by 7?

The answer depends on the exact characteristics of the IR. If it allows multiple assignments to the same variable, then additional (data-flow) analyses are required to answer the question, as `x`

might be re-assigned later. However, if multiple assignments to the same variable are prohibited, then yes, all occurrences of `x`

can unconditionally be replaced by 7!

Apart from constant propagation, many simple optimizations are made hard by the presence of multiple assignments to a single variable:

*common-subexpression elimination*, which consists in avoiding the repeated evaluation of expressions,- (simple)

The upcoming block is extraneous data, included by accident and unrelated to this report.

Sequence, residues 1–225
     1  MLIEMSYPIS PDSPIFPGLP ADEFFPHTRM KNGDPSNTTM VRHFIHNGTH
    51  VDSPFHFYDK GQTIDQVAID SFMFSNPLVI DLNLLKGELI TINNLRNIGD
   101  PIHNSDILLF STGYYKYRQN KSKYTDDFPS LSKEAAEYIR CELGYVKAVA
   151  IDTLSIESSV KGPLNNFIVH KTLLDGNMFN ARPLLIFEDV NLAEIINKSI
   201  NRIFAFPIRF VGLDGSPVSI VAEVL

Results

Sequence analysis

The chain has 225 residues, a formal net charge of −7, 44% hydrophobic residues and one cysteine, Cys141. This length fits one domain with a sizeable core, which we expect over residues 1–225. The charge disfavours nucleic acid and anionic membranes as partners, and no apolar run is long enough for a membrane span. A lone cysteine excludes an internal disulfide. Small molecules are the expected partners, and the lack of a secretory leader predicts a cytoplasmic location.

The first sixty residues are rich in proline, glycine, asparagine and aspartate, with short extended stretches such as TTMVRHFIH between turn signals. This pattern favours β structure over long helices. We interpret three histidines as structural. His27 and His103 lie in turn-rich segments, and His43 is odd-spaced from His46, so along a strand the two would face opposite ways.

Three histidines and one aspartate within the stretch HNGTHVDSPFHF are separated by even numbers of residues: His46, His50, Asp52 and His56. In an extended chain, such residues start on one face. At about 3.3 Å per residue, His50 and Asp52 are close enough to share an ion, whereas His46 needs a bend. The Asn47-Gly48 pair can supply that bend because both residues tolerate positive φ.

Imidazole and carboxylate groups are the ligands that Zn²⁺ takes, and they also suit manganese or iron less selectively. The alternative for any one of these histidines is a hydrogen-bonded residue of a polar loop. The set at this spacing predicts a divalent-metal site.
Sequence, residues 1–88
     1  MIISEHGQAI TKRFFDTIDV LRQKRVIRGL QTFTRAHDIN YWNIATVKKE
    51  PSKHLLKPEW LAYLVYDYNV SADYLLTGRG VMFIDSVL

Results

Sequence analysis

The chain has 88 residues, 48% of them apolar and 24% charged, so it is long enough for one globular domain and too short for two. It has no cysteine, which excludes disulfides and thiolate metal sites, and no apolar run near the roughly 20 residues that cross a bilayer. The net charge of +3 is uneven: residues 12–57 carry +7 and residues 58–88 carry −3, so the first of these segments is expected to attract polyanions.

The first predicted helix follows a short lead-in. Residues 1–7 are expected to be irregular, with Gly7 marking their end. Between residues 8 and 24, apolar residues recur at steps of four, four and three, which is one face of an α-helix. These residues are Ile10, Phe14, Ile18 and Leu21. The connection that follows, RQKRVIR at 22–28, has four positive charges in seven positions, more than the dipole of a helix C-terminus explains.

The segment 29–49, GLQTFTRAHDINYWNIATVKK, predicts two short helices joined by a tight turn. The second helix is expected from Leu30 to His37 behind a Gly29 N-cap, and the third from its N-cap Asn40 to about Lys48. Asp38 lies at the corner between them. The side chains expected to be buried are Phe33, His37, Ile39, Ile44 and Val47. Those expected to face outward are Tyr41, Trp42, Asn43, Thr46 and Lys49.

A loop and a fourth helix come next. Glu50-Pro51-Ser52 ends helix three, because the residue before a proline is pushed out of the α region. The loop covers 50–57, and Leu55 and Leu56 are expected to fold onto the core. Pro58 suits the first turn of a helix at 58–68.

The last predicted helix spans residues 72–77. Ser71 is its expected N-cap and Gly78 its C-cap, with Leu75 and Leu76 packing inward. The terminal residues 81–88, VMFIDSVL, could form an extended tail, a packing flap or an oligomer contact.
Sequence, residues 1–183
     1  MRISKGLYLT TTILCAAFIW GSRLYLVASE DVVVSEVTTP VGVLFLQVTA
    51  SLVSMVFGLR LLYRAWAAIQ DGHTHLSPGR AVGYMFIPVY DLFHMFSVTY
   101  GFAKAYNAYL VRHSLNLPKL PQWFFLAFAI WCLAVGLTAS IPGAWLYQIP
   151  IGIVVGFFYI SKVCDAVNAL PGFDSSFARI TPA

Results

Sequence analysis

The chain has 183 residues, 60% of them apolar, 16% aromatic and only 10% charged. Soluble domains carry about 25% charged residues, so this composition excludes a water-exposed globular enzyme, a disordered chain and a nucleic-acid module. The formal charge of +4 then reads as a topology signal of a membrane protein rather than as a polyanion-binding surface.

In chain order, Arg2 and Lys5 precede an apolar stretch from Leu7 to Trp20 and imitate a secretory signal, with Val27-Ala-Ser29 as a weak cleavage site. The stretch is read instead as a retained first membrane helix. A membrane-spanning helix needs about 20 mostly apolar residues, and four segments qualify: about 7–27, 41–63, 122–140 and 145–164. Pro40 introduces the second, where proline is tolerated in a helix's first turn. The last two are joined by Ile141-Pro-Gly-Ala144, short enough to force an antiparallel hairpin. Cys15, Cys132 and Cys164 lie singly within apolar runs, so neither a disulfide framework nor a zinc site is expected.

*dead code elimination*, which consists in removing assignments to variables whose value is not used later, - etc.

In all cases, analyses are required to distinguish the various "versions" of a variable that appear in the program.

From this first simple example, we can already conclude that a good IR should *not* allow multiple assignments to a variable, as this needlessly complicates what should be basic optimizations.

### 2.2 Inlining

*Inlining* consists in replacing a call to a function by a copy of the body of that function, with parameters replaced by the actual arguments. It is one of the most important optimizations, as it often opens the door to further optimizations.

Some aspects of the intermediate representation can have an important impact on the implementation of inlining. To illustrate this, let us examine some problems that can occur when performing inlining directly on the abstract syntax tree — a choice that might seem reasonable at first sight.